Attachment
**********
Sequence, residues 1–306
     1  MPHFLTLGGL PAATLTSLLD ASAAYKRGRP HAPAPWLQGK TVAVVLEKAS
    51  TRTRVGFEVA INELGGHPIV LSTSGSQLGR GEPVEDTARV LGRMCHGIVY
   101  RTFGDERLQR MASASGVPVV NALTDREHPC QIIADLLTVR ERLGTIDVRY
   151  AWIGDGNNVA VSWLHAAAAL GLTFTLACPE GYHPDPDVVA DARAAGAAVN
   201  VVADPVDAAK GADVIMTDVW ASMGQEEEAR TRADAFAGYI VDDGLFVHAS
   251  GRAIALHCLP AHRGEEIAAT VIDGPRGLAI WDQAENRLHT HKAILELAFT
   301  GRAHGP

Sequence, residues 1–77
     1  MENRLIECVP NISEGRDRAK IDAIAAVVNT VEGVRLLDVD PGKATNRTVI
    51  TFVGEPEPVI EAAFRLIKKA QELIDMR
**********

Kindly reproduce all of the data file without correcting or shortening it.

Sequence, residues 1–306
     1  MPHFLTLGGL PAATLTSLLD ASAAYKRGRP HAPAPWLQGK TVAVVLEKAS
    51  TRTRVGFEVA INELGGHPIV LSTSGSQLGR GEPVEDTARV LGRMCHGIVY
   101  RTFGDERLQR MASASGVPVV NALTDREHPC QIIADLLTVR ERLGTIDVRY
   151  AWIGDGNNVA VSWLHAAAAL GLTFTLACPE GYHPDPDVVA DARAAGAAVN
   201  VVADPVDAAK GADVIMTDVW ASMGQEEEAR TRADAFAGYI VDDGLFVHAS
   251  GRAIALHCLP AHRGEEIAAT VIDGPRGLAI WDQAENRLHT HKAILELAFT
   301  GRAHGP

Sequence, residues 1–77
     1  MENRLIECVP NISEGRDRAK IDAIAAVVNT VEGVRLLDVD PGKATNRTVI
    51  TFVGEPEPVI EAAFRLIKKA QELIDMR